Plan your Project Carefully
Consider your budget. Find pictures, styles, and products you like and write down brand names and models. Show them to your contractor. “High quality faucets” may mean something different to you and your contractor. Talk about what you like and do not like. Get accurate plans or blueprints. Study them carefully to make sure they show your project accurately. Approve the completed plans before the work begins. Since you are not the builder, ensure the builder obtains a building permit when required.
Protect Yourself with a Written Contract
Although not required, it is a good idea to have an agreement in writing. Your contractor’s understanding of what you are asking him to do may not be the same as what you want. A written contract should state clearly exactly what work needs to be accomplished, see below for a list. Specifics help you achieve what you want and limit the possibility of misunderstanding.
Basic Items to Include in a Construction Contract
- Exactly what work will be done
- A list of materials to be used (quality, quantity, color, size, model numbers and brand names).
- A list of “allowance” items and the budgeted amount. An allowance is a specific amount of money to buy something that has not yet been selected. When selections (for example, lighting/plumbing fixtures, flooring, etc.) exceed the allowance, the homeowner pays the additional amount. When they are less than the allowance, a refund is given.
- A list of permits needed and who will obtain them. (It should be the licensed contractor.)
- A project starting date and a completion date. You might add a penalty clause if the work is not completed on time.
- The total price, including tax.
- A payment schedule. Be careful about paying in full for something up front, consider partial payments upon completion of portions of the work.
- A list detailing what the contractor will and will not do, as well as any project aspect that you’ve agreed to take care of as the client.
- Warranties and guarantees of workmanship, length of warranty, and what is and is not covered.
- The contractor’s license number.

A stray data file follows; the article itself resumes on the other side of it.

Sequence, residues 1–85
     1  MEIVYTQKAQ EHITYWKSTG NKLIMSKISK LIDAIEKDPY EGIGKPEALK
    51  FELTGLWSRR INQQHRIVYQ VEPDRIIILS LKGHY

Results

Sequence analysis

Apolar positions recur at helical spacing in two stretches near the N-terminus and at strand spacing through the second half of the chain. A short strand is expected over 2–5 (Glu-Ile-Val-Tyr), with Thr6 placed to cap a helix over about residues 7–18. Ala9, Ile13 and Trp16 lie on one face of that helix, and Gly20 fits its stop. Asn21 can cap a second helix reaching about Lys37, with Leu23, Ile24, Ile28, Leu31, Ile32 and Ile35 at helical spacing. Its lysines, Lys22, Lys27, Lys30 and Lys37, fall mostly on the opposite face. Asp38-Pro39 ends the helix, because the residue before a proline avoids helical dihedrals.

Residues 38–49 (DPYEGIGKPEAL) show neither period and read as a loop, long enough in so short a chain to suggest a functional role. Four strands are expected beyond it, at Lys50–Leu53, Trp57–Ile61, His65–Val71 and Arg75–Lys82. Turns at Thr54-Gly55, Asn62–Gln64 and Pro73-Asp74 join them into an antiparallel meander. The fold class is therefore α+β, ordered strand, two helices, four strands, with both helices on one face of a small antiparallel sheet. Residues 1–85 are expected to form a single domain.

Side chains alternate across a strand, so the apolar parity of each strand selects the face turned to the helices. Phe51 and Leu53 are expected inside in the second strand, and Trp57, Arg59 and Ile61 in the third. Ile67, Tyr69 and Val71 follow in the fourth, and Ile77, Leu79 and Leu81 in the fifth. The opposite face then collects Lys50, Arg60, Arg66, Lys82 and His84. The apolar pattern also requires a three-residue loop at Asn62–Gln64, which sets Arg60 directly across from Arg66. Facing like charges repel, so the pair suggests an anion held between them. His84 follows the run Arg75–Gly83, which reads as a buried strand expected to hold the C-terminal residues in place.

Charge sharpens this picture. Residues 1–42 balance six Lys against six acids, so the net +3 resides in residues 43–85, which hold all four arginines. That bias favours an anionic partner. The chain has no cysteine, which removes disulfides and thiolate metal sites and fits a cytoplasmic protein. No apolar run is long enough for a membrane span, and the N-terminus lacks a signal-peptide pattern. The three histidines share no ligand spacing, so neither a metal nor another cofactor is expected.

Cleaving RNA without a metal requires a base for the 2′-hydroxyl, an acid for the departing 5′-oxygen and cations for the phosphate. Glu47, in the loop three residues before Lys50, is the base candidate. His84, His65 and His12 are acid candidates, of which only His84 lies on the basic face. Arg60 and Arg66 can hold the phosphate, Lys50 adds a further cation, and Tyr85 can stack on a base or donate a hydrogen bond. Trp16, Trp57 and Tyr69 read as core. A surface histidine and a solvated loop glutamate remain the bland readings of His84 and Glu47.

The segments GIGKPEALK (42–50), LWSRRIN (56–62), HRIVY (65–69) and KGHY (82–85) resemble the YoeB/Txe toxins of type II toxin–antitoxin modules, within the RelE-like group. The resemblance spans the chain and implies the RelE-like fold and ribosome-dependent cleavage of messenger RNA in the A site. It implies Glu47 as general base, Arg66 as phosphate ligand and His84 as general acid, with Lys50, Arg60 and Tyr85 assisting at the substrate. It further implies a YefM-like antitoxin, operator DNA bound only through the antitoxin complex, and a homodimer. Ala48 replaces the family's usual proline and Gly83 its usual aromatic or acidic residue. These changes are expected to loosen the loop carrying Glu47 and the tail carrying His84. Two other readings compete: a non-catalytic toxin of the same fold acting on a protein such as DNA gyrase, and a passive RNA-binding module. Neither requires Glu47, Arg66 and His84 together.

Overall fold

- Everything else you feel is important (specific products, complete clean-up and removal of debris, workday restrictions, special requests, etc.
Make sure you understand what the contract does and does not cover. Do not sign the contract unless you fully understand everything. Ask questions. CID cannot become involved in contractual disputes. Generally, the more detailed a contract is, the fewer the problems that will come up later.
How to Work With Your Contractor
Document Changes in Writing
People change their minds during a building project. If changes are made at the right time, the cost and length of the job may not be affected. Delay, however, can mean costly changes. For remodeling and new home projects, allow at least a 10 percent increase for changes from the contract. If changes in the plans or contract occur during the project, put them in writing as amendments to the contract, including any differences in cost. Both you and the contractor should sign the change orders. Change orders can be a major source of misunderstandings and cost overruns.
Talk to your contractor during the project. Many disputes happen because people fail to communicate at every step of the project. If in doubt, talk it out. There are no stupid questions you can ask your contractor.
Always expect a list of references, and call them to make sure you are hiring the right company. Some questions to ask:
Suggested topics when contacting references:
1. Quality of craftsmanship
2. Level of customer service
3. Our response to any problem/issues, including warranty work
4. Cleanliness of the site and respect for the client’s space
5. Our teams’ overall ability to care for the project and relationship with the client
6. Billing was as agreed in the contract, draw schedule and any change orders